You will get a message that SEO SpyGlass cannot find such a web page, which is correct, because we are talking about an expired domain, and site search on Google would bring zero results. Click on "Yes" to continue anyway.

When I originally did this research, I got the following result:

FunnelXpert.com — brandable name, 304 backlinks from 74 referring domains. Looks like a good choice.

Next, I have a bit of manual work checking the web archive with the Wayback Machine. The website search history goes back to 2012 and used to look like this — an internet marketing company operating in Australia and India:

I registered the domain for $8.99 and built a nice blog on it. I wrote in-depth posts for it, like this one on the subject of building an online course on your own blog in WordPress.

It was completely worth my investment, since this is what I got out of it thus far:

I have recently launched my own online course on it.

Another example of picking an expired domain

Let's look at a different example real time. The keyword is "Paleo diet".

I picked the first domain, "PaleoDiet411.com" — 150 external backlinks, from 26 referring domains.

Next, I proceed to check the domain with SEO SpyGlass and examine the Linking Domains tab:

The link profile looks okay, it even has an .edu backlink.

Links from Chinese or Arabic domains would be a sign of spam.

Now I look at the Linked Pages tab:

You can see that the links point to several different pages, which is good, it's a balanced link structure. I would need to re-create these pages on the new blog if I decided to use this domain, this way the link juice is preserved.

Off-topic pages, such as iPhone and other branded stuff would disqualify the domain.

One more thing to check is Archive.org:

Make sure the domain isn't redirected or spammed.

It also makes sense to look at the prospective domain's InLink Rank (SEO PowerSuite's alternative to Google's PageRank):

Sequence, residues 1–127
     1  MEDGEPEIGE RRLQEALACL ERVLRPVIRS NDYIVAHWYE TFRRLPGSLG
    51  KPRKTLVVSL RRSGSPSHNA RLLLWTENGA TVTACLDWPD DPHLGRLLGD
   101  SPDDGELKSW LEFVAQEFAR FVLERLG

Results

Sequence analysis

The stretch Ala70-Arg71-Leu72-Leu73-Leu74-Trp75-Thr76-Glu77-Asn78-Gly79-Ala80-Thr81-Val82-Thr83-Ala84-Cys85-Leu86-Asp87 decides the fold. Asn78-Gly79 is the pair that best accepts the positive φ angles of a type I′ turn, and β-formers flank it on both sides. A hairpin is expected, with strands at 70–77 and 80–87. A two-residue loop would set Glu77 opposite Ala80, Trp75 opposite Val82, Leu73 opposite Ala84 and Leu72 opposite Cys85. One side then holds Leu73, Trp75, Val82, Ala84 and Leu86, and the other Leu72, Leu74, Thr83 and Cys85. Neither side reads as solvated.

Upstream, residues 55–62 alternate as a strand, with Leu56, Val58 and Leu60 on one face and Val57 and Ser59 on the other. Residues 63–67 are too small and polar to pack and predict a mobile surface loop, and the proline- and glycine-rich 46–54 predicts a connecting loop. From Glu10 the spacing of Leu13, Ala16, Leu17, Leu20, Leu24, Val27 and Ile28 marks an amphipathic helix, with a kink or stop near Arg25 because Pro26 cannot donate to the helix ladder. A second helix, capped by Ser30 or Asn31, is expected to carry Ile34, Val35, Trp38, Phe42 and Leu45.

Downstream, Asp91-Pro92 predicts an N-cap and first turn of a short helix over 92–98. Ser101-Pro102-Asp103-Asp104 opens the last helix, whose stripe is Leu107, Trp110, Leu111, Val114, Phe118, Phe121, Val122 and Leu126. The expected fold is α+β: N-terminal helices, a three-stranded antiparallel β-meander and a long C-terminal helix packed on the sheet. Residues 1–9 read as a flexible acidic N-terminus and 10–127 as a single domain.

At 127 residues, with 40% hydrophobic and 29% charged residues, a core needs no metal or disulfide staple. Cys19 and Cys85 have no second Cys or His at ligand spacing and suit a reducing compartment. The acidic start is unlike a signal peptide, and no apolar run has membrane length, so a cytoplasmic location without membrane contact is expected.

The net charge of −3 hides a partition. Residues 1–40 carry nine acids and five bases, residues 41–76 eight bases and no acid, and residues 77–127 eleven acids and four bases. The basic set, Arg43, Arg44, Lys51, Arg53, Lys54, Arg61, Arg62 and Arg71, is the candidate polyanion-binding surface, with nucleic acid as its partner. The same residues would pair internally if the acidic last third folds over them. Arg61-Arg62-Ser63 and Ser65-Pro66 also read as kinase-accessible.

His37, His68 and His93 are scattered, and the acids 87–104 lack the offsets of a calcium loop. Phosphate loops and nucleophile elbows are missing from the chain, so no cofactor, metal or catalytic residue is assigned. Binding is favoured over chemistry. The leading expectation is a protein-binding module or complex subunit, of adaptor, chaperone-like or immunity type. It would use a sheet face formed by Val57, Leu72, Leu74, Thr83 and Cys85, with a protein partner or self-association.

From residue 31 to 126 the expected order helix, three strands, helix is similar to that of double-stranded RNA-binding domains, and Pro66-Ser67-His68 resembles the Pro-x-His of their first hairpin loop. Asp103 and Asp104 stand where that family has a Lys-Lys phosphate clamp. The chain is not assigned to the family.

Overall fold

A few more tips before you purchase an expired domain

You can also follow the above procedure when you purchase an auction domain. You will find many times that purchasing such a domain would be a complete waste of your money, because it has thousands of backlinks, however most of them are from spam websites with Chinese anchor texts.

Also stay away from expired domains that have hundreds of links all pointing to the home page and nothing to other pages — such domains are over-optimized and will be penalized unless you plan to do massive link building to the individual pages, too.

I have also used this method for uncovering foreign language expired domains with beautiful backlink structure. I found two Hungarian domains, the first one would translate to seduction.net, the other one would be giftisland.com.

I must add that such foreign language domains require considerably fewer backlinks to rank high, and you can even get away with lower quality, such as link directory links and they will still rank well and get traffic. The reason is the lower level of competition in foreign languages.

Stealing great backlinks from expired domains

There's one more handy use of SEO SpyGlass, which is quite similar to the broken link building method:

  1. Enter a recently expired domain in your niche or one that is still being auctioned.
  2. Look at the backlinks pointing to this domain.
  3. Analyze backlinks that you could "steal"…
  4. Contact the owner of the referring domains that is linking to this expired domain, tell them they are linking to an expired domain and ask them to link to your resource instead.

Here's a free outreach template shared by Jason Acidre you can modify and use for your link building:

Subject: Found a broken link on [Site Name]

Hey [First Name],

This link directing to [Site Name with 404 page] doesn't work anymore:

[insert URL of the broken link]

Found this through your useful links section for [topic of their resource page]:

[insert URL of their resources page]

Also, just thought that this content from [Your Site] will perfectly fit your list of resources [additional comment on why your content deserves to make it on their list]. Your visitors should find that useful:

[insert URL to your page]

Let me know if there's anything else I can help you with.

You will need to sort through some trash to find worthwhile backlinks, but this is a proven way to get started with link building.

Ever bought expired domains to your advantage?

So there you have it — now you know how to find expired domains and how to choose the best ones for your next SEO project using tools. I hope my recommendations will help you with your hunt for backlinks.

Have you ever purchased expired domains hoping to make use of their high traffic and backlinks? Share your experience and thoughts in the comments below!